Diane Disney Miller was the daughter of Walt Disney and one of his inspirations for Disneyland. "He'd take me and my sister to the merry-go-round at Griffith Park and stand there all day until we were ready to go," she recalled. "As he stood there, he kept thinking there should be more for parents and children to do together, and the idea for Disneyland was born."
She also played a key role in the completion of the Frank Gehry-designed Walt Disney Concert Hall in Los Angeles, a project that started with a $50m gift from her mother. In 1997 she fought project leaders who said Gehry's firm lacked the experience to execute the plans for the building's unusual curved polished steel design.
At a crucial point, she threatened to withhold the $20m remaining of her mother's gift if Gehry was not kept on. "She was the turning point," Gehry said. She also founded the Walt Disney Family Museum, which opened in 2009 in San Francisco. One of her concerns was that her father's name had become associated more with a corporate identity than with the man himself. "I wanted something that would bear my father's name, that would come from his wealth but not be commercial," she said.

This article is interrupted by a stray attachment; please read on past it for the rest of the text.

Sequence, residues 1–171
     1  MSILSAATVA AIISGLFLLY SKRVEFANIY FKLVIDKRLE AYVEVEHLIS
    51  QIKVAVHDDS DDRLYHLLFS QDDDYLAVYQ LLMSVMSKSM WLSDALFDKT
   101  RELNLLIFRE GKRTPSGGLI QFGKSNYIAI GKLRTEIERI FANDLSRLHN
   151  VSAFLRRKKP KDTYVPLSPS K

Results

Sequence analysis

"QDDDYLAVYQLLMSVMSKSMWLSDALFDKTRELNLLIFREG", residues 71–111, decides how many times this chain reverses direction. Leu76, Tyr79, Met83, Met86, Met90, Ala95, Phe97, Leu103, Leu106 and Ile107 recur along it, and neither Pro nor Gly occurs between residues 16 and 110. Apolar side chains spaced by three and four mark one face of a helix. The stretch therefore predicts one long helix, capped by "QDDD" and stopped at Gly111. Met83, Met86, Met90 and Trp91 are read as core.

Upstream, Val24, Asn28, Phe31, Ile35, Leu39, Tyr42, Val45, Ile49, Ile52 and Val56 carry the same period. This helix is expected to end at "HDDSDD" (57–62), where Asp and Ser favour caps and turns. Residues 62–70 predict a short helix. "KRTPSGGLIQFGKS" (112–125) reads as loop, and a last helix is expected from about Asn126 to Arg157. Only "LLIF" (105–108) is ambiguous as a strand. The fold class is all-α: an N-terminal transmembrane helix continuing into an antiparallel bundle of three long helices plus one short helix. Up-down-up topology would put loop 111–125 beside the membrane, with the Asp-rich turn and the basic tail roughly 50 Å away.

In 2007 she sent a fax to Disney executives denouncing Neal Gabler's book, Walt Disney: The Triumph of the American Imagination, as "a monstrous piece of libellous junk. My parents were not the people he creates in this book, and I cannot understand why all of you who aided and abetted Gabler in writing this book, and who praise it and promote it, can do so without suffering serious qualms."
Diane Disney, philanthropist: born Los Angeles 18 December 1933; married 1954 Ron Miller (four sons, three daughters); died Napa, California 19 November 2013.